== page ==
Rarely does deficit reduction offer the political benefits that it does in a high-inflation environment. Back in 1980, presidential candidate Ronald Reagan well understood the political advantages of fighting the federal spending instinct that had dominated policy decisions since 1965 and fueled the hyperinflation of the 1970s (“We have inflation,” he said, “because the Government is living too well”). Those who were slower to grasp the changing political dynamics of the moment lost power during what became known as the Reagan Revolution. It remains to be seen today whether one party or the other, or both, will grasp how inflation may be changing the political calculus of being associated with, or seen as opposing, runaway government spending.
Another potential win involves the dovetailing of short-term and long-term fiscal policy imperatives. For a long time, lawmakers have been advised that the long-term fiscal situation was untenable, but there always seemed to be a rationale (or, less charitably, an excuse) for ducking the tough choices required to fix the problem. However, the current high-inflation environment gives lawmakers a powerful short-term reason, in addition to the usual long-term one, to moderate spending growth.
A further fortuitous opportunity arises via the cherished programs of Social Security and Medicare. Both programs face rapidly oncoming threats to their solvency, arising from costs growing faster than their tax bases of worker wages. Politicians don’t like to acknowledge this, preferring to level groundless charges that their opponents are plotting to destroy these programs rather than risk being accused of the same perfidy. But if lawmakers simply moderate the growth of benefits paid to upper-income recipients, they will strengthen these programs’ finances while simultaneously mitigating federal deficits and inflation. The deflationary effects of addressing Medicare would be particularly significant because Medicare spending, even on the rich, tends to fuel inflationary consumption rather than personal saving. Slowing these programs’ cost growth would benefit middle-income Americans who rely on them, while at the same time accomplishing part of federal lawmakers’ necessary task of stabilizing these programs’ finances.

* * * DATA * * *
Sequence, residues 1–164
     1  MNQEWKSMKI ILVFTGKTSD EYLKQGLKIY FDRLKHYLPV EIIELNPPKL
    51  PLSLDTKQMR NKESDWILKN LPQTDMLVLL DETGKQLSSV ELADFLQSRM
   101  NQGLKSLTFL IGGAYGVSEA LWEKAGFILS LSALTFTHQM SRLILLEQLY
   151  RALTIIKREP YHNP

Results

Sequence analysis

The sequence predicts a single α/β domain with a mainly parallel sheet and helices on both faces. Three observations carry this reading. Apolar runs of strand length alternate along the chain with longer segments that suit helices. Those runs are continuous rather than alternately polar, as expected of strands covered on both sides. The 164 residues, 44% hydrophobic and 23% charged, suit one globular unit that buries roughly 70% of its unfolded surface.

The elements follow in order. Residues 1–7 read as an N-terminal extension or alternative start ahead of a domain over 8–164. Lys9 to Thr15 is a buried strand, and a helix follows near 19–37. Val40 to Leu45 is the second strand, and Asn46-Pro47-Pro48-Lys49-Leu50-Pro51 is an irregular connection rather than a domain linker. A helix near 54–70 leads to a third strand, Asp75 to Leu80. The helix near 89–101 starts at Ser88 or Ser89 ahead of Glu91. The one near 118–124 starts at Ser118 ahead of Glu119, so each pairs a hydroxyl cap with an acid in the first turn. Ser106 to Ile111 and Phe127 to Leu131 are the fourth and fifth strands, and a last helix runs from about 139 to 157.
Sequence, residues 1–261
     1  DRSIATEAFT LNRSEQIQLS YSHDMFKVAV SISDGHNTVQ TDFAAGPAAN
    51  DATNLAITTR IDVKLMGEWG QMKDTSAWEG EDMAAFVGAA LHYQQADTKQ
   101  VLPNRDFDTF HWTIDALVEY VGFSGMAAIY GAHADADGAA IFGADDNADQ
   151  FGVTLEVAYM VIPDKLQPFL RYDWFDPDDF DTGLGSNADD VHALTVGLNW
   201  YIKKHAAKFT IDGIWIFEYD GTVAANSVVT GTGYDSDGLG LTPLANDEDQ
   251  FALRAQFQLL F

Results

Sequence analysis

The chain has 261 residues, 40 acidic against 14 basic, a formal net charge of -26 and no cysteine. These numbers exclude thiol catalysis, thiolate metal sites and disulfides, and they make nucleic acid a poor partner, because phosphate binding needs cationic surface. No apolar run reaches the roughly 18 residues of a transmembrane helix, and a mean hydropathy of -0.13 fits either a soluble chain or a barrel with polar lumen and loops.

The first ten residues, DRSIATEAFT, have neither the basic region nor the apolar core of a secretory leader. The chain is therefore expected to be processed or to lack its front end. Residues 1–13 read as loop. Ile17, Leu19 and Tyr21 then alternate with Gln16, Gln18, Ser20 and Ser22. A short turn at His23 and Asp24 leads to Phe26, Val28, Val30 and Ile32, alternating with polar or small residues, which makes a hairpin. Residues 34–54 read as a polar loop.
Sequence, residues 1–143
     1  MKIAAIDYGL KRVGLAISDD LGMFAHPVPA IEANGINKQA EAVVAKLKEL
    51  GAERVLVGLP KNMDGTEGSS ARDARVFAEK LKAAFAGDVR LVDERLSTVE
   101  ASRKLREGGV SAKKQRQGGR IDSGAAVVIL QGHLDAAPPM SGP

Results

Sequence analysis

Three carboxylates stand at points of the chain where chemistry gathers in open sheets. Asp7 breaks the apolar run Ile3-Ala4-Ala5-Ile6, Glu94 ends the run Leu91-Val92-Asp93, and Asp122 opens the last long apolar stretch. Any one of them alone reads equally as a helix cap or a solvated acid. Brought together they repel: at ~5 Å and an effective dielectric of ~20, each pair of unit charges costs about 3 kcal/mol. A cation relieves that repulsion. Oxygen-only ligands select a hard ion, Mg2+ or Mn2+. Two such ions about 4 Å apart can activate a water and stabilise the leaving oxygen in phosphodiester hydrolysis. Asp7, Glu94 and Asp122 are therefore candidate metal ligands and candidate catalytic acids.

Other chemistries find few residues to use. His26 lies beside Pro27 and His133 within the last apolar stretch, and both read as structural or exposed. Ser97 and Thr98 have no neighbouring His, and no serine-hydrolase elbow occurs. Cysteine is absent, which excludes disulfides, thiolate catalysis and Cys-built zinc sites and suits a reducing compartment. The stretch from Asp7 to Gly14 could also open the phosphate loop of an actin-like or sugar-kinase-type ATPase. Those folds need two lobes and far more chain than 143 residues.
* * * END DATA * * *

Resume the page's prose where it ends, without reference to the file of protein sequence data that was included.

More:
Yet another win would come from making federal operations more progressive on balance. Cutting spending on the rich advances both the conservative goal of strengthening federal finances and the liberal goal of a more progressive distribution of public resources.
The substantive policy cases have long been strong, both for reducing federal generosity toward the rich and for lowering federal deficits. But now it is exceptionally attractive, from multiple perspectives, for federal lawmakers to take action. The sooner they realize this and act accordingly, the better positioned policymakers will be to beat back the inflation that is plaguing American consumers.